The apostles were freed from serving and distribution of food, but nothing became known about their preaching, except for Peter and John being sent on a mission to Samaria where Peter met Simon and did not kill him, but converted him (Acts 6:1-7; 8:14). At some point, Peter must have remembered Jesus quoting Exodus 3:6, “He is not God of the dead, but of the living” (Mark 12:27). Peter too would learn that quickly. He was no good to his Lord when he was dead. Things turned against the apostle and the huge following of Christ. When the eloquent informed Deacon Stephen made his country men feel guilty for crucifying the Lord Jesus, he ended up being stoned, and the first great persecution and scattering of the followers of Christ took place. A young man Saul, with authorization from the high priest, led the persecution against Christians. During this time Peter and John were sent to Samaria to escaped the wrath of Saul (Acts 6:8-8:3; 8:14-25).
The Time Had Come For The Promise Of Jesus To Take Effect
The Lord, Himself, stopped and changed the henchman (Paul), and taught him what it meant to be persecuted by his own people. The persecutor became the persecuted and the followers of Christ could continue to expand and Peter continued to serve the Lord outside Jerusalem (Acts 9:1-31).
For in those days there will be such tribulation as has not been from the beginning of the creation which God created until now, and never will be. And if the Lord had not shortened the days, no human beings would be saved; but for the sake of the elect, whom he chose, he shortened the days. And then if anyone says to you, ‘Look, here is the Christ!’ or ‘Look, there he is!’ do not believe it. False Christs and false prophets will arise and show signs and wonders, to lead astray, if possible, the elect. But take heed; I have told you all things beforehand (Mark 13:19-23).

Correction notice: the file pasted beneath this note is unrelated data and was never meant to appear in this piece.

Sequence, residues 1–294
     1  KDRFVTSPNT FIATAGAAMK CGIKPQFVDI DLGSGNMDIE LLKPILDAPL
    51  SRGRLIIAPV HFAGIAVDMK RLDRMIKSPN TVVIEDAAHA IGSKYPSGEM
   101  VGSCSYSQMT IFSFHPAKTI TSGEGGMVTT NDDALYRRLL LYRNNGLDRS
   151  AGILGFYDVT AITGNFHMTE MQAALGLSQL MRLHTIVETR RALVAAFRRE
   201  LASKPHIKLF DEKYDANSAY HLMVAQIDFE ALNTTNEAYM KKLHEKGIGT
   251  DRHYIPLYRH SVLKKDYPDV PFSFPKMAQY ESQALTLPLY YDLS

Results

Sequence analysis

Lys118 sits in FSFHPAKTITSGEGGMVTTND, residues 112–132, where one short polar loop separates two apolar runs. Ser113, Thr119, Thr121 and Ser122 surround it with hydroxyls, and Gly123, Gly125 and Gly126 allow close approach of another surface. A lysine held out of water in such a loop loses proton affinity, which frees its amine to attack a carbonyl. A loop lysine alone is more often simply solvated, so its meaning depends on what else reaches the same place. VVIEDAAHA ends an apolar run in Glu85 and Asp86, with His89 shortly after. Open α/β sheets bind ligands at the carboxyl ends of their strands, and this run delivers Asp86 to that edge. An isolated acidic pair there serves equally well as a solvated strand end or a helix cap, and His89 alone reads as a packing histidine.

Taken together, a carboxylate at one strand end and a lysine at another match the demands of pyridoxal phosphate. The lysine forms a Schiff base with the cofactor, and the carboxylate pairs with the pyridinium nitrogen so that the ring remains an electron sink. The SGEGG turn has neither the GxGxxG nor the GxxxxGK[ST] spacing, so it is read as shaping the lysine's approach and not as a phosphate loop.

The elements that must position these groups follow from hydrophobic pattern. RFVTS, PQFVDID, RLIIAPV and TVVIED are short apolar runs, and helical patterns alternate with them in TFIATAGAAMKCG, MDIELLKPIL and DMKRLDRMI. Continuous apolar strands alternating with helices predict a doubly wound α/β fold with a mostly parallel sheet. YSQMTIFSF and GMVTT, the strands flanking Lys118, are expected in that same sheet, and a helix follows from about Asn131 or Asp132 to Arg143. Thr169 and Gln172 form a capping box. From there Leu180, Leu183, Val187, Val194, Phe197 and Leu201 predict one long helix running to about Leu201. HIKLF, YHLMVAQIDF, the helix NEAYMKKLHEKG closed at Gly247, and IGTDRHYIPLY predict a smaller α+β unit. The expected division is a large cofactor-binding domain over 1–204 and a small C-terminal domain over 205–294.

With Saul In Heavenly Custody — Turning Saul Into Paul, Peter Was Free To Revisit Friends
Peter revisited his friend Aeneas in Lydda and helped him back on his feet. In Joppa, Peter stayed with his friend Simon, the tanner, and waited for additional orders. Meanwhile, Peter awakened Tabitha from her endless sleep (Acts 9:32-43). For additional study see, Chapter XXX in this series. While Peter stayed in Joppa, he prayed much and wrestled with himself over the inclusion of the Gentiles in the fellowship with Christ. Peter, like His Lord, withdrew from public and prayed (Mark 1:35; 6:46). Peter, along with the other apostles, spent lengthy times in prayer and at a set hour, daily. Prayer was an essential ministry and regarded as more important than serving meals or caring for personal needs. The apostles had their congregation elect seven men so they would not be interrupted while they prayed (Acts 6:3-6). They began their days, after Jesus left them, with prayer (Acts 1:14). Peter and John were on their way to pray, when a lame man interrupted them, they took him with them to the temple to pray (Acts 3:1-10). In prayer, the believers can spend time with their Lord, while meditating on God’s goodness and mercy.